“This season it was very important for us to create this more grounded woman,” Herrebrugh said backstage, adding the pair based their color palette on the work of Dutch painters who moved to Paris.
Shots of saffron, ultramarine and Sienna red brought to mind Old Masters, but the duo also looked to 20th-century artists like Kees van Dongen, approaching each look like an individual portrait.
One woman might opt for the comfort of men’s staples: a gray wool overcoat, dress shirt and beige pants pooling over sturdy shoes. Another might succumb to the seduction of a black silk pajama set and robe. Boxy cropped jackets were layered over gauzy shirts, while snug mohair sweaters set off extra-large pleated pants.
Whereas the designers previously pushed the Ricci atelier with their sculptural flou constructions, this show saw them exhale. A case in point: the billowing cinnamon dress that brought to mind a painter’s smock.
But their true mastery lay

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Mulberry RTW Fall 2020

Johnny Coca has found a winning formula for Mulberry’s ready-to-wear collections: It’s all about keeping it simple and focused on all things British.
That’s why for fall 2020 he wanted to revisit and refine some of the codes he established last season, namely check. He reworked the pattern into feminine silhouettes such as slim tailoring, midi skirts and chic, A-line dresses that featured muted hues, reminiscent of the English countryside.
Elsewhere, Coca added splashes of red check to channel a more punk feeling — his ultimate aim being to establish the check as a monogram of sorts for Mulberry.
There was a small eveningwear portion, too, featuring even more British classics in the form of floral and brocade shift dresses and tops.
But the main focus was on offering a daywear wardrobe, including plenty of outerwear, from cool check trenches to capes and pea coats featuring subtle military details.
“There are so many brands out there, so for us it’s all about trying to be clever and offering the right pieces that you need in your wardrobe and can relate to our accessories, too,” said Coca, whose focused approach is refreshing in a saturated market and aligns with the company’s sustainability ambitions.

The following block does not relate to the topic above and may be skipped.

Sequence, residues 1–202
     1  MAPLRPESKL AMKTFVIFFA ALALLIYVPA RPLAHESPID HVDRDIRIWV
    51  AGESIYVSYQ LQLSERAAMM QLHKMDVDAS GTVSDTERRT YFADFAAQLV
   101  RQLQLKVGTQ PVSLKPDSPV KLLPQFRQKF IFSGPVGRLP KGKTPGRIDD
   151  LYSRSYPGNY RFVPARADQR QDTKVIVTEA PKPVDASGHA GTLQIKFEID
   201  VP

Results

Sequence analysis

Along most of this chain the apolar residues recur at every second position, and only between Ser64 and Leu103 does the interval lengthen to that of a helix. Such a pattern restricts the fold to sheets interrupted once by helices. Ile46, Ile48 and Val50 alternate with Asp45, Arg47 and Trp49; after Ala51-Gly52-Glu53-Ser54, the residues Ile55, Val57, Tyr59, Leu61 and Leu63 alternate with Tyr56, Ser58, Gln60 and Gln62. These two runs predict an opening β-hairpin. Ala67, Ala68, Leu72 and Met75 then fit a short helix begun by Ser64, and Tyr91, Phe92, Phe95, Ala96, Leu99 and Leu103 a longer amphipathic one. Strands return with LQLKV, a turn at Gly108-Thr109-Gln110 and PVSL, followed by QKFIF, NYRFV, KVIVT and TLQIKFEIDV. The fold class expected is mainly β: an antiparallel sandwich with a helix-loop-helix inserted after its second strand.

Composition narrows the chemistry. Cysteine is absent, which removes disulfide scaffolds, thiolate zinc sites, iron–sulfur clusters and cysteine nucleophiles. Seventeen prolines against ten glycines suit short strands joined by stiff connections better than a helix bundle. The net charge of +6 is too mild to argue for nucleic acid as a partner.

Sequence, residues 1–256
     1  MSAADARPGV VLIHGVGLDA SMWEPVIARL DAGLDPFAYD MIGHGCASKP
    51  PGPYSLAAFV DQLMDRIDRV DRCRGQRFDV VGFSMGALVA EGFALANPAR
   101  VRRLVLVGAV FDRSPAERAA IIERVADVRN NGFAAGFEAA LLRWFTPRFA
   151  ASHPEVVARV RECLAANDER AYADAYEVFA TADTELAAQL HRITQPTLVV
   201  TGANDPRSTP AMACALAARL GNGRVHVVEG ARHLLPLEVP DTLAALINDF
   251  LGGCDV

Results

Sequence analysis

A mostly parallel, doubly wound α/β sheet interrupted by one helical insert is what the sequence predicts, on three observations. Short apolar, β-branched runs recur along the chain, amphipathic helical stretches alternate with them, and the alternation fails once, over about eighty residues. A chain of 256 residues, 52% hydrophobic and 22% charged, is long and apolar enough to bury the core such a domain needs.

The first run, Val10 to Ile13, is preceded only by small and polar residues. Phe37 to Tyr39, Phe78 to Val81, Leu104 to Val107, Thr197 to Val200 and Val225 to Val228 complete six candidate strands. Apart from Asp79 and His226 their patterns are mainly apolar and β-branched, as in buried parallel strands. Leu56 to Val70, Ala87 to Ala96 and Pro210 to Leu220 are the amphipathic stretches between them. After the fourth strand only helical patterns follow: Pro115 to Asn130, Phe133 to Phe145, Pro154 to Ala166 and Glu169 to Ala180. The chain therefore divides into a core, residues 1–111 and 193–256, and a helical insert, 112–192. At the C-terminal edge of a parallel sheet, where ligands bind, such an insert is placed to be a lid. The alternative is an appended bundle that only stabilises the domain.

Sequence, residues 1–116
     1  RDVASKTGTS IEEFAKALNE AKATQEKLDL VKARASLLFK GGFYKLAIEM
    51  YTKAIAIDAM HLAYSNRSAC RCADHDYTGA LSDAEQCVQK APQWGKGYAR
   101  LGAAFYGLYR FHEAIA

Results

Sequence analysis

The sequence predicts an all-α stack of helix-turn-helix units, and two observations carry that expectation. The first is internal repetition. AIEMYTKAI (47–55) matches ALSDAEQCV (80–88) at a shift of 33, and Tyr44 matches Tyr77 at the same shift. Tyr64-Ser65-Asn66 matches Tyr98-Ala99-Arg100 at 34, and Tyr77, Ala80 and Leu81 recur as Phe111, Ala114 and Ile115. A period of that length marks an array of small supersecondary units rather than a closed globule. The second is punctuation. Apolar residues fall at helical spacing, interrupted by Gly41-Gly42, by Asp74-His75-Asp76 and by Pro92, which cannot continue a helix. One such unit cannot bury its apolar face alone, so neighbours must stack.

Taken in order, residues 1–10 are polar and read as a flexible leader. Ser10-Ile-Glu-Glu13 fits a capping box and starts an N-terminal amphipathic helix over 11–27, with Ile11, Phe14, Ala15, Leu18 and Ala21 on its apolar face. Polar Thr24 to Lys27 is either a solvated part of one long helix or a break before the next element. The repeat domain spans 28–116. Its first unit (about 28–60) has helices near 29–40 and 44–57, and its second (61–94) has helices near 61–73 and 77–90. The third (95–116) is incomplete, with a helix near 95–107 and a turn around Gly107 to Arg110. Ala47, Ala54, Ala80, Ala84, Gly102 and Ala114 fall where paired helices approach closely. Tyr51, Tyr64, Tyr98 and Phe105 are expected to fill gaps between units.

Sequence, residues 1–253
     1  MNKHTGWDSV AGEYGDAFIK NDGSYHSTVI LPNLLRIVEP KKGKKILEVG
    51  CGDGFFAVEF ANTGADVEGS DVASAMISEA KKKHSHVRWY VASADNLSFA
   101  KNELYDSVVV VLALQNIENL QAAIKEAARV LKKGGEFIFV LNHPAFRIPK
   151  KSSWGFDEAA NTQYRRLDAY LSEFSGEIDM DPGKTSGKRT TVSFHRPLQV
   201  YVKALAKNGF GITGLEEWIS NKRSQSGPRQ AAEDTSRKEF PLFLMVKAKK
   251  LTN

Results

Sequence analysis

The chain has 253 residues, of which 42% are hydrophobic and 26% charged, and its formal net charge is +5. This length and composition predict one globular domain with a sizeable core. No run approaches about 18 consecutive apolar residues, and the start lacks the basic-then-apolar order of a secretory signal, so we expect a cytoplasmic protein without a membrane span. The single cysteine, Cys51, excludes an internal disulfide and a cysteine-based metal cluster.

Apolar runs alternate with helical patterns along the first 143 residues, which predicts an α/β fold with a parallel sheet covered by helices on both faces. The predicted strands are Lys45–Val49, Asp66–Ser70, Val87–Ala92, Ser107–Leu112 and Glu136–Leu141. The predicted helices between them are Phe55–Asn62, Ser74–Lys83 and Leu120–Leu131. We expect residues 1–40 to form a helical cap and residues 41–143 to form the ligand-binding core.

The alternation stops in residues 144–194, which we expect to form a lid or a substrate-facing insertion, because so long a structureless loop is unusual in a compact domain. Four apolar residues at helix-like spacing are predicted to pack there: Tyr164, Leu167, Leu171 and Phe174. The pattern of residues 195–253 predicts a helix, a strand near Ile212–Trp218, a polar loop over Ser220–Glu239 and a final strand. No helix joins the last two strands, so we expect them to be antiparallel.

He applied the same thinking

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Fall in Love With Spring 2020’s Romantic Silhouettes Trend

EComm: Spring Trend Romantic SilhouettesWe love these products, and we hope you do too. E! has affiliate relationships, so we may get a small share of the revenue from your purchases. Items are sold by the retailer, not E!.
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Leonard Paris RTW Fall 2020

Christine Phung set out to update bourgeois basics by applying a sporty veneer. She mixed up the silky house classics with technical Neoprene fabric coats, chunky wool tweed pencil skirts and capes, a smattering of embroidered leather flower patches and, for shine, shimmery jacquards.
Drilling down on the archives — prints are the very essence of the brand — she left them intact but still found space to do her stuff, zeroing in on blank spaces, which she used to add asymmetry and contrast. In one look, a silk blouse carried the signature house orchid print on one side, but was solid on the other — with a pocket. Paired with handsome high-waisted trousers, slightly flared, Seventies-style, it made for a handsome retro-update.
Some looks verged on weird. Shimmery see-through taffeta felt modern as a Windbreaker, but a bit out-there when fashioned into puffy sleeves on an ankle-skimming dress, while the proportions on a trim, collarless jacket with rounded shoulders felt slightly odd.
Mostly, though, it was pretty cool, with a good deal of inventive layering. A printed silk kimono, tossed over a trim yellow puffer coat, why not? All set, with leopard-printed trousers.
Also, Phung drew up a new pattern — rooster tail

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Fall in Love With Spring 2020’s Romantic Silhouettes Trend

EComm: Spring Trend Romantic SilhouettesWe love these products, and we hope you do too. E! has affiliate relationships, so we may get a small share of the revenue from your purchases. Items are sold by the retailer, not E!.